Date of Award

May 2021

Document Type


Degree Name

Doctor of Philosophy (PhD)


Industrial-Organizational Psychology

Committee Member

Cynthia Pury

Committee Member

Fred Switzer

Committee Member

Patrick Rosopa

Committee Member

Zhuo Chen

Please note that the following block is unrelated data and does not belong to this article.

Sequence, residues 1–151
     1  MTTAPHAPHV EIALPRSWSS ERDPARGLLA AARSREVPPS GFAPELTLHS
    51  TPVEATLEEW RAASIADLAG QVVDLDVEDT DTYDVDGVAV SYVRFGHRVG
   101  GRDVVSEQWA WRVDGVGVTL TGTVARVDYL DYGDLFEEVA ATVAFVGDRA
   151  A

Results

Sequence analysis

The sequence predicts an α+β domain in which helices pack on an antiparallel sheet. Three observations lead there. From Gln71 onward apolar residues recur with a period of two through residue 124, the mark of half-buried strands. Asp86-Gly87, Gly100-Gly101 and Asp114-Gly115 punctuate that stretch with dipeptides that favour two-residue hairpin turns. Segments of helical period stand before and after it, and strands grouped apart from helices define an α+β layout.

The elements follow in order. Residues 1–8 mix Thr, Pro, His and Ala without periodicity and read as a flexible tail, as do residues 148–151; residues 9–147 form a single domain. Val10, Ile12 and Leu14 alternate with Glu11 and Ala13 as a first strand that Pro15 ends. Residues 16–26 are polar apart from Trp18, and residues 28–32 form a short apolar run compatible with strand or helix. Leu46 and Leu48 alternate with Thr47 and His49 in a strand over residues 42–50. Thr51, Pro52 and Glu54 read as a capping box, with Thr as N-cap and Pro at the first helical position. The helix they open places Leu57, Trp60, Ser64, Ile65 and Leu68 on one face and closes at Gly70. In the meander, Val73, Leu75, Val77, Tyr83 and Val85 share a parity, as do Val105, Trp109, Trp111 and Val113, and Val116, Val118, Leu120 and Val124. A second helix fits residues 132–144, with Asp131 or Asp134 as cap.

The present study aimed to see whether a person's score across specific well-being domains would correspond to their choice in trade-off situations. Specific well-being domains were measured using the Pathways to Happiness measure (Vanelli, 2019), and vignettes were designed to represent everyday situations. Each vignette contained a binary option representing the domains measured by the Pathway to Happiness measure. Overall, the results are promising and support the notion that the relative importance a person places on specific pathways to happiness will be reflected in their choices when faced with a trade-off situation. Logistic regression results indicate the Pathways to Happiness (Vanelli, 2019) measure demonstrated some ecological validity between scores on the measure and participant’s preferred outcome on the vignettes included in the study. Although the Pathways to Happiness (Vanelli, 2019) measure demonstrated some ecological validity between Pathways scores and participants’ preferred outcome, it would still be difficult to generalize this study's results to other samples. Based on the results, the relationship between trade-off situation outcomes and how we value specific paths towards happiness is dynamic. More than two pathways could be weighed against in trade-off situations, or on the flip side, the outcome of one decision could represent more than one pathway. Additionally, the results of the two-step cluster analyses, and hierarchical cluster analysis also supported H1. The high scores on specific Pathways to Happiness (Vanelli, 2019) subscales corresponded to the outcome that represented that pathway in the vignettes. Pairwise comparisons introduced an additional layer of preferential judgments between the four pathways of interest: Contact with Nature, Relationships, Outlook: Positivity (Positive Outlook), and Autonomy. The ranks assigned to pathways by participants typically coincided with the choices they made on the vignettes. For example, those who ranked Positive Outlook the most important were choosing the outcome representing that pathway across the vignettes. A person’s ranking of the Pathways to Happiness also corresponded with average scores on the Pathway to Happiness measure (i.e., higher rank corresponds to higher average, etc.). However, some instances occurred where a pathways' ranking did not align with the participants' choice across the vignettes. Despite this misalignment between a participant’s pathways rankings and their choice on the vignette, it appears their average scores from the Pathways to Happiness (Vanelli, 2019) continued to correspond with their outcome preference across the vignettes. One possible interpretation of these results is to compare the pairwise comparisons and vignettes to the state-level measurement of the Pathways to Happiness. By contrast, the Pathways to Happiness measure could be considered a trait-level measurement approach to these happiness sources' relative importance.



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